Milk Chocolate Eloquence

Throw open autumn. They have
returned, August sun in their faces.

And you have accomplished
little and not much in their absence.

You are struck that a gift of tangelos
are love’s flame. You wonder if your

arms just might not let go. And you
die a little when you realize that you

have nothing, but you to give in return.
They squeeze you, taking the oxygen

from your lungs to make room for new.
Their milk chocolate baubles are a

romance with sequels, and their eyes
never leave you because in a way, you

were gone, too.


Things I Can and Cannot Do

There are a few things
I cannot do and I feel
you should be aware
of them.

I cannot ocean, nor can I
cloud though I have been
known to muddy my own

I have never been able to
river much like one doesn’t
leaf or silt. I’m sure you
understand that.

If I had only been asked I
would gladly have learned
to sky and heaven on earth.
But I could stars if I were in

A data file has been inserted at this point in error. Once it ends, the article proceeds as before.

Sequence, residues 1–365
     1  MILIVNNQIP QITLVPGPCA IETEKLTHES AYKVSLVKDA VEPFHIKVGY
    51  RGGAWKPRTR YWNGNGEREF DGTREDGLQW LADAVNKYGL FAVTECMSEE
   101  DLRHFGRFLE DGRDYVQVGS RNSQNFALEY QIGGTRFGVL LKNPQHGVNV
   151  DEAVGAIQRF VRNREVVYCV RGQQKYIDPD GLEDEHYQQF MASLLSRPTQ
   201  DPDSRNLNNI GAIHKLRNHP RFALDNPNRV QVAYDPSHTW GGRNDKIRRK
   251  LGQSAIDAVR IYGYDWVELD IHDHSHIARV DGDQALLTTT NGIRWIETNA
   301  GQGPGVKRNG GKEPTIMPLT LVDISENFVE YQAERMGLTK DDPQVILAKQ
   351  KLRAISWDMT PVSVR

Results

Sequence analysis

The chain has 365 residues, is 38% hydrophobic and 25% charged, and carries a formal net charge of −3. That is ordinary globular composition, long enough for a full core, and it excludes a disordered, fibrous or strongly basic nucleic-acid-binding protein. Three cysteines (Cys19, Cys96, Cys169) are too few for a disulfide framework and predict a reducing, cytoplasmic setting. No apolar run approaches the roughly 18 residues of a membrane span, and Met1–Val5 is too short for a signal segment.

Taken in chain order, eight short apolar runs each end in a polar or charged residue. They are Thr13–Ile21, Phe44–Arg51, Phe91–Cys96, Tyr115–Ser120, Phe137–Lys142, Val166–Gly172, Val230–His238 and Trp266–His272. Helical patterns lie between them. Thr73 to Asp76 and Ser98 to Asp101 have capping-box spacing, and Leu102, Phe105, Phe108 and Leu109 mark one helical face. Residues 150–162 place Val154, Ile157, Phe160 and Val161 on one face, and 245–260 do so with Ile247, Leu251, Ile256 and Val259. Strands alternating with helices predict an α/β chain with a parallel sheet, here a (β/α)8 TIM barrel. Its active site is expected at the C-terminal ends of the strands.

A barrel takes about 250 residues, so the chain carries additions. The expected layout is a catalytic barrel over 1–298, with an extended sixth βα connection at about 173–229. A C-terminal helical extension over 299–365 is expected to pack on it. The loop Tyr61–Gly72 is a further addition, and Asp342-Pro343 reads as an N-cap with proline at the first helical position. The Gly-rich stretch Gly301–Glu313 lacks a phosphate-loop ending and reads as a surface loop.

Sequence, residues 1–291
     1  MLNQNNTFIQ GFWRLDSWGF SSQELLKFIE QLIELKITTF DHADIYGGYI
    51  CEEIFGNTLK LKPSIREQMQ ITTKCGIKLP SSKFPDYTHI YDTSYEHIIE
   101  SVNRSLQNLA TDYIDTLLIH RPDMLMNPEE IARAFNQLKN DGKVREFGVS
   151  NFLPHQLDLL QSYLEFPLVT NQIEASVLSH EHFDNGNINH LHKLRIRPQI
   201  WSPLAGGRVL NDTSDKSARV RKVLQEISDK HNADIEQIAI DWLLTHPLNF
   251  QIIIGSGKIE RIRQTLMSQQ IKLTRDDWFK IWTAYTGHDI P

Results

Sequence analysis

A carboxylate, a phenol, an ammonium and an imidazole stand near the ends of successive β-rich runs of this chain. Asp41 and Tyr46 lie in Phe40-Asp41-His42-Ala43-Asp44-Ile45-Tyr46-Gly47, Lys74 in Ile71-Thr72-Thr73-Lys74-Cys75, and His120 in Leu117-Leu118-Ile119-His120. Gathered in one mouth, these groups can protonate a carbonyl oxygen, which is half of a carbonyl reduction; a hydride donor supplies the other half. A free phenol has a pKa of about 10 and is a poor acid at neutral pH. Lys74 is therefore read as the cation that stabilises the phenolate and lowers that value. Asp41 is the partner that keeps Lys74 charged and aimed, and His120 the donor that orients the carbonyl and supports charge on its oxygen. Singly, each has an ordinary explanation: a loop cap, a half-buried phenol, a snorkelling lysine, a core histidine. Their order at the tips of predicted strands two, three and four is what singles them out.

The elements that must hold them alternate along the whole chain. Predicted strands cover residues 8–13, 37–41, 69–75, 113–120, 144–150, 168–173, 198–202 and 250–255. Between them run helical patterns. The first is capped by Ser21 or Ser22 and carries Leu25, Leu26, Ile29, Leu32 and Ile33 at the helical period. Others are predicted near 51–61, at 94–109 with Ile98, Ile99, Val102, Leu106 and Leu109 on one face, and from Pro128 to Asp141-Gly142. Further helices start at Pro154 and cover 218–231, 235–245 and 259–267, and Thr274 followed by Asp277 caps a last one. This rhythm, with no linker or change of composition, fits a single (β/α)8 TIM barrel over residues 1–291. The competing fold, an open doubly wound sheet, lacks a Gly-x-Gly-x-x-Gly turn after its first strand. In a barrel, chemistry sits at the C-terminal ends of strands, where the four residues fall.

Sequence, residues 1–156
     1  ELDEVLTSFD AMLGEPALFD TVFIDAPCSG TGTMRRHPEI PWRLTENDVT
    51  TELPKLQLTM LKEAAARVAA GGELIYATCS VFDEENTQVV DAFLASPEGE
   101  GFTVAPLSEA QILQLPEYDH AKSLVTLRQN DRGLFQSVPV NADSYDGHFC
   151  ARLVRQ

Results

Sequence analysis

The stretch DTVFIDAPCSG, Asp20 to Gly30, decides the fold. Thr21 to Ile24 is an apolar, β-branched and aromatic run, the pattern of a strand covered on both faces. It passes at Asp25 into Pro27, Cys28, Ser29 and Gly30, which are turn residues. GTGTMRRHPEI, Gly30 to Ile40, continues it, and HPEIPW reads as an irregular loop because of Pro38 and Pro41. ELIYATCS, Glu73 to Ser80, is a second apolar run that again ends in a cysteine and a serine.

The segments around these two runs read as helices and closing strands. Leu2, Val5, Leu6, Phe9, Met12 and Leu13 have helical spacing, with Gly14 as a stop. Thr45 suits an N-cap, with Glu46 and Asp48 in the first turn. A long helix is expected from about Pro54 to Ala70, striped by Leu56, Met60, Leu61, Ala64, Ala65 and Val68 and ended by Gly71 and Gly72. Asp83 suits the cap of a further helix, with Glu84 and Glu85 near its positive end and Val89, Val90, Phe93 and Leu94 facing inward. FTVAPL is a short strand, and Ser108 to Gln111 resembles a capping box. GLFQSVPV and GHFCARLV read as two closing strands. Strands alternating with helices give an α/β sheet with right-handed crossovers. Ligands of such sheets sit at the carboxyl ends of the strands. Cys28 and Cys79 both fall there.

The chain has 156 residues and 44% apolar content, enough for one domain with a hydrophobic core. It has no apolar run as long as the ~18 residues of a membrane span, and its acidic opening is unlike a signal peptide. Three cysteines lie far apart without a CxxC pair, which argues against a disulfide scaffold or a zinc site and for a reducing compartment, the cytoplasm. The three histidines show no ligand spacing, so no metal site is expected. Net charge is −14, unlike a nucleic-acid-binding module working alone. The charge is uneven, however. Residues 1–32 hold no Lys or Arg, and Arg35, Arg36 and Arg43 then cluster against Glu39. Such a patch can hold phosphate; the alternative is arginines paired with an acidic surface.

your arms. I’m sure of it.
Just as I am sure I can only
flocks of starlings soaring
when you are near.


So I’m twirling my spaghetti
only the twirling shows no
signs of stopping.

People at tables next to ours
laugh nervously and smile
because the entire plate of

spaghetti is on my fork now
and there’s no retreating.
Sanity holds no sway. I reach

for the parmesan cheese
because clearly the situation
calls for more food albeit

sprinkled food. It’s time. I
attempt to lift the weight
of Manhattan and its Burroughs.

I lean in, but this, this forkful
of snake in the grass takes a
nosedive for my white shirt.

I’m now the victim of a hit and run
by means of marinara and floppy

Nearby tables pirouette in every
direction not mine. Burroughs
fall to the floor.

Of All My Dreams

Too young to have met his famous father,
I should have said, “‘Rococo’ How I died!”
Or “‘The Smithies’ deserved those awards!”
Or at least, “Your Oscar! The first of many!”

But his eyes were so terrifically green,
his voice so deep and rich, I stood next to him
in the crowd beaming, losing sight of my
mission to get an autograph. As he walked away,
I waved to his back and said, “See ya!” as if it
was certain. As though we had years ahead of us
in which to schmooze.